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The Vault at PfaffsAn Archive of Art and Literature by the Bohemians of Antebellum New York
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her of a man she regarded only with disgust and ab-
horrence, and whom she shrank from meeting, getting
paler and of a more touching melancholy each day.  I
endeavoured to prevail on her to pluck up courage and
run off; but for her mother and sisters she would
not.     Again the day of his arrival came.   On that
evening, for the first time since Mary left Dobson s
I called, and had been there some five minutes when
he entered.     Jealous anger shone with dull light from
his eyes; he was not civil, perhaps it could hardly
be expected.    I could have killed him then, I was
armed, I was mad   may I never feel so terrible
a craving for human life again, may no man s life
hang on such an effort as I was forced to make.
I departed.   Mary accompanied me to the door.  One 
kiss   I thought the last, and it closed.   Half-
fainting I supported myself by the rails, and then, 
sped away as one who runs for life.   How I spent
the next four days God knows, I cannot recollect,
only a dim vision of sleepless nights in the open air,
of working frantically at fires, of rum, of listening
to the dark river that seemed to call me to rest
forever in its black solemn bosom, and gain the 
relief I sought at once.   My existence was in an
abyss of deep wretchedness, and in vain my friends
tried to rouse me.     And how was it ith Mary?
I once more passed her window.  And there prop-
Page
Title:Thomas Butler Gunn Diaries, Volume Seven: page two hundred and twenty-five
Description:Includes the letter Alfred Waud wrote to Mrs. Jewell, explaining how he eloped with her daughter, Mary.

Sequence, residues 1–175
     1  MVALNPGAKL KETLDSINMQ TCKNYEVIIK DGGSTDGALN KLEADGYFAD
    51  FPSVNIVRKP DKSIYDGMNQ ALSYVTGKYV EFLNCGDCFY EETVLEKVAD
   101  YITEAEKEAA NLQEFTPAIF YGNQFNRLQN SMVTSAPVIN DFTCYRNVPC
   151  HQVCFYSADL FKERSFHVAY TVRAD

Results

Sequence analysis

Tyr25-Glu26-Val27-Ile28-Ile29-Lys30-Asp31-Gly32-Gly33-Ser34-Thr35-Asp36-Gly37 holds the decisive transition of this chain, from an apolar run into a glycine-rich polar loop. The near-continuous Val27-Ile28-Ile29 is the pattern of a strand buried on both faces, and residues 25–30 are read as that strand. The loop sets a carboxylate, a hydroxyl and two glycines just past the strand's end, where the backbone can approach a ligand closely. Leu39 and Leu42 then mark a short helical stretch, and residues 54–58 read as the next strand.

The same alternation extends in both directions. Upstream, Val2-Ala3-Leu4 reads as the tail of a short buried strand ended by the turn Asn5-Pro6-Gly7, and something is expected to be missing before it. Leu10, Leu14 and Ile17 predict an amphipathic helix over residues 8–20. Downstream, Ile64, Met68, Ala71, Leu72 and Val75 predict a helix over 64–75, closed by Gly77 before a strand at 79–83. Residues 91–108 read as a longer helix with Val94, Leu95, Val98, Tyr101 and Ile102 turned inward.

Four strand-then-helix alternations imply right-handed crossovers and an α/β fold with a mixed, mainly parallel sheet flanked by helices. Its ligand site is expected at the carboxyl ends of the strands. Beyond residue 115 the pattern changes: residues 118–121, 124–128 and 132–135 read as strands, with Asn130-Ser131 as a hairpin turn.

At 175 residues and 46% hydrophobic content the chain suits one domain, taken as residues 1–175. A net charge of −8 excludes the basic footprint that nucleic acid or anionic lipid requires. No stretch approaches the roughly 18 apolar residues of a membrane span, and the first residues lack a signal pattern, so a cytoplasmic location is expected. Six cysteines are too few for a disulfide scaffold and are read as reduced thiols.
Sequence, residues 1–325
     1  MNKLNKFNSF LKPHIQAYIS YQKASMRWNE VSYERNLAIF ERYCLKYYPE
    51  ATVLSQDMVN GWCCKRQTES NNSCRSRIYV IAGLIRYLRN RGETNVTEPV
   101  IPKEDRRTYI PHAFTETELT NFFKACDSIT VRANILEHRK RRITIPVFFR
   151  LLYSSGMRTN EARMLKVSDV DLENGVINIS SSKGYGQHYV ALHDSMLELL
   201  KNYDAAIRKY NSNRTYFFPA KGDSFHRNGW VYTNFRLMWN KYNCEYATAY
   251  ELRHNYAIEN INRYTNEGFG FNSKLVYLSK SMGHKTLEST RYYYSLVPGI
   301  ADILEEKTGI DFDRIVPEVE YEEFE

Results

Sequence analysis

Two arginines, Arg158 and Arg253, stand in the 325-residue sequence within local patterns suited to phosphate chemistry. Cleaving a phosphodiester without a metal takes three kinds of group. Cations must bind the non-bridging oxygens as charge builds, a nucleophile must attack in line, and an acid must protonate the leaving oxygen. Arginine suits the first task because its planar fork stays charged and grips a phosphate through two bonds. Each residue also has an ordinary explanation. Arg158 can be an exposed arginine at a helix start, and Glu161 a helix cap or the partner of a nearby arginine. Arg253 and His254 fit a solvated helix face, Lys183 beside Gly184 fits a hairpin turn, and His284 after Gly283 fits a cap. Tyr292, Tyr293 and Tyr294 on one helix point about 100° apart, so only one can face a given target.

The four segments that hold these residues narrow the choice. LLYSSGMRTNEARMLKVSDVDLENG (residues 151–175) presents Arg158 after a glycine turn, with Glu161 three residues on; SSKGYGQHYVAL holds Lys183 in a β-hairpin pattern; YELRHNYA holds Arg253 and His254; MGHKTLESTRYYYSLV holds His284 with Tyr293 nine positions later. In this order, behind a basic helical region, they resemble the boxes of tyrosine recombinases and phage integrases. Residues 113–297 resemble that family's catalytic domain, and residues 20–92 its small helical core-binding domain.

Date:1856-04-12
Subject:Brainard; Gunn, Thomas Butler; Jewell, Mary (Waud); Jewell, Mrs.; Jewell, Selina (Wall); Sexton, Nelly; Waud, Alfred; Women
Coverage (City/State):[New York, New York]
Scan Date:2011-02-02

 

Volume
Title:Thomas Butler Gunn Diaries, Volume Seven
Description:Includes an account of his family history and descriptions of his visits with family and friends in England, witnessing a procession for Louis Napoleon in London, traveling in Paris with his brothers Charley and Edwin, his friend Harry Price's mental illness, his journey across the Atlantic to New York on the ship Washington, the marriage of Fanny Fern and James Parton, meetings of the Ornithoryncus Club in New York, and Alfred Waud's elopement with Mary Brainard.
Subject:Bohemians; Gunn, Thomas Butler; Marriage; Mental illness; Publishers and publishing; Travel; Women
Coverage (City/State):London, England; Paris, France; New York, New York
Note:Thomas Butler Gunn was born February 15, 1826, in Banbury, England, and came to New York in 1849. During the Civil War he worked as a correspondent for the New York Tribune and the New York Evening Post. He returned to England in 1863, and died in Birmingham in April 1903. The collection includes twenty-one volumes of his diaries, including newspaper clippings, letters, photographs, sketches, and various other items inserted by Gunn. Diary entries date from July 7, 1849, to April 7, 1863, and include his experiences with the New York publishing and literary world, his descriptions of boarding houses, his travels throughout the United States, and his experiences traveling with the Federal army as a Civil War correspondent.
Publisher:Missouri History Museum
Rights:Copyright 2011 Missouri History Museum.
Source:Page images, transcriptions, and metadata of the Thomas Butler Gunn diaries have been provided by the Missouri History Museum.